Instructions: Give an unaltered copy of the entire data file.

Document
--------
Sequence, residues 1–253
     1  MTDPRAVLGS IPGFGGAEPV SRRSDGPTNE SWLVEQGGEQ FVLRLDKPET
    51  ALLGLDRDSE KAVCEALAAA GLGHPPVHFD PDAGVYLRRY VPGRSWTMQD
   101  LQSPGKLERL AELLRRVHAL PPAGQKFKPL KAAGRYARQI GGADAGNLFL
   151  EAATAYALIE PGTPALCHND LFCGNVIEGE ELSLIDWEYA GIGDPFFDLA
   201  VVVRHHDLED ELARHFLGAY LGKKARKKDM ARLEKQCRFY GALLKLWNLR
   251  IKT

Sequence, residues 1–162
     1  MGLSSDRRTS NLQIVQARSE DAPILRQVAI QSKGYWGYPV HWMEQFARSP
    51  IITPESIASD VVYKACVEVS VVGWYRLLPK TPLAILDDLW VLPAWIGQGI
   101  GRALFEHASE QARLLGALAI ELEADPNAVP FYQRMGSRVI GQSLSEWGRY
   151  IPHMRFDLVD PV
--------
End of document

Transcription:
Sequence, residues 1–253
     1  MTDPRAVLGS IPGFGGAEPV SRRSDGPTNE SWLVEQGGEQ FVLRLDKPET
    51  ALLGLDRDSE KAVCEALAAA GLGHPPVHFD PDAGVYLRRY VPGRSWTMQD
   101  LQSPGKLERL AELLRRVHAL PPAGQKFKPL KAAGRYARQI GGADAGNLFL
   151  EAATAYALIE PGTPALCHND LFCGNVIEGE ELSLIDWEYA GIGDPFFDLA
   201  VVVRHHDLED ELARHFLGAY LGKKARKKDM ARLEKQCRFY GALLKLWNLR
   251  IKT

Sequence, residues 1–162
     1  MGLSSDRRTS NLQIVQARSE DAPILRQVAI QSKGYWGYPV HWMEQFARSP
    51  IITPESIASD VVYKACVEVS VVGWYRLLPK TPLAILDDLW VLPAWIGQGI
   101  GRALFEHASE QARLLGALAI ELEADPNAVP FYQRMGSRVI GQSLSEWGRY
   151  IPHMRFDLVD PV